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Xi-Qin Ding, Hongwei Ma, Arjun Thapa, Lynsie Morris, T Michael Redmond, Wolfgang Baehr; Suppressing Thyroid Hormone Signaling Preserves Cone Photoreceptors in Mouse Models of Retinal Degeneration. Invest. Ophthalmol. Vis. Sci. 2014;55(13):1713.
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Cone phototransduction and survival of cones in the human macula is essential for color vision and for visual acuity. Progressive cone degeneration in age-related macular degeneration, Stargardt disease, and recessive cone dystrophies is a major cause of blindness. Thyroid hormone (TH) signaling which regulates cell proliferation, differentiation, and apoptosis plays a central role in cone opsin expression and patterning in the retina. Here, we investigated whether TH signaling affects cone viability in inherited retinal degeneration mouse models.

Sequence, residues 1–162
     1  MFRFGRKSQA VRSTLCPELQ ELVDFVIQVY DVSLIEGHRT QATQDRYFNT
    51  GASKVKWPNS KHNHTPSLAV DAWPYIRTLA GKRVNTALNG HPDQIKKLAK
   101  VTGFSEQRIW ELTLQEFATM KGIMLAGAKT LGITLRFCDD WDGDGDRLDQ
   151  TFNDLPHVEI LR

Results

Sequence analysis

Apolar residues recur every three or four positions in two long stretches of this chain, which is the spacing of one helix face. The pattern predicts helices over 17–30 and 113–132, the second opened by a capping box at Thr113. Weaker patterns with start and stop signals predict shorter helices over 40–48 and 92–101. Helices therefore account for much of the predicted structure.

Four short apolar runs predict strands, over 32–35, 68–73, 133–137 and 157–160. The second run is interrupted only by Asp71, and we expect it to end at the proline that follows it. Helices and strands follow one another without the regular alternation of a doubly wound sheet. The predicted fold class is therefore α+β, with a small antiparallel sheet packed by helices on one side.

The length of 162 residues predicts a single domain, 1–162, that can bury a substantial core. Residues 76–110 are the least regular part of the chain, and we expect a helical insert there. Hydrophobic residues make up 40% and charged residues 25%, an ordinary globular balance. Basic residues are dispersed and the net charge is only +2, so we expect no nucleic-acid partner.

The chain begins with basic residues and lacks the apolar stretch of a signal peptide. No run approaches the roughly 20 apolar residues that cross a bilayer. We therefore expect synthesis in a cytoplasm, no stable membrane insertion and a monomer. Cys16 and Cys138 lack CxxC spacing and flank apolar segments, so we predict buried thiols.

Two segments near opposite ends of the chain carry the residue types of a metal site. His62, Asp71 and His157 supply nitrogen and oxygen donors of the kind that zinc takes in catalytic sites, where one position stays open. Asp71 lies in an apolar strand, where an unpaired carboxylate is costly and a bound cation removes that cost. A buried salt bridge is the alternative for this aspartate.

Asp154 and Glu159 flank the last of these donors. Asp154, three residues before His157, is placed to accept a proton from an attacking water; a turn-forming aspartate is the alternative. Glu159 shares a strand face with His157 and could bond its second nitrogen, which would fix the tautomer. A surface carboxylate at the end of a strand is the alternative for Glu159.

Rpe65-/- mice (a model of severe Leber congenital amaurosis or LCA) and Cpfl1 mice (severe recessive achromatopsia) were used to determine whether suppressing TH signaling (with anti-thyroid treatment) reduces cone death. Further, Cngb3-/- mice (moderate achromatopsia) and Gucy2e-/- mice (moderate LCA) were used to determine whether stimulating TH signaling (with triiodothyronine (T3) treatment) deteriorates cones. The serum T3 levels were analyzed by ELISA. Cone and rod survival were evaluated by examining cone density and expression levels of cone specific proteins using immunohistochemical and biochemical approaches, and by examining morphological integrity of the retinas.
Cone density increased about 6-fold in Rpe65-/- and cpfl1 mice following anti-thyroid treatment and decreased about 40% in Cngb3-/- and Gucy2e-/- mice following T3 treatment. Anti-thyroid treatment did not affect rod survival, manifested as unchanged outer nuclear layer (ONL) thickness and the number of nuclei in ONL. However, T3 treatment significantly reduced ONL thickness and the number of nuclei in ONL in Cngb3-/- and Gucy2e-/- mice.
With multiple retinal degeneration mouse models, we demonstrate that TH signaling regulates photoreceptor viability in degenerating retinas. Suppressing TH signaling protects cones whereas stimulating TH signaling has a negative effect on both cones and rods. The findings of this study provide new insights into cone preservation and therapeutic interventions.
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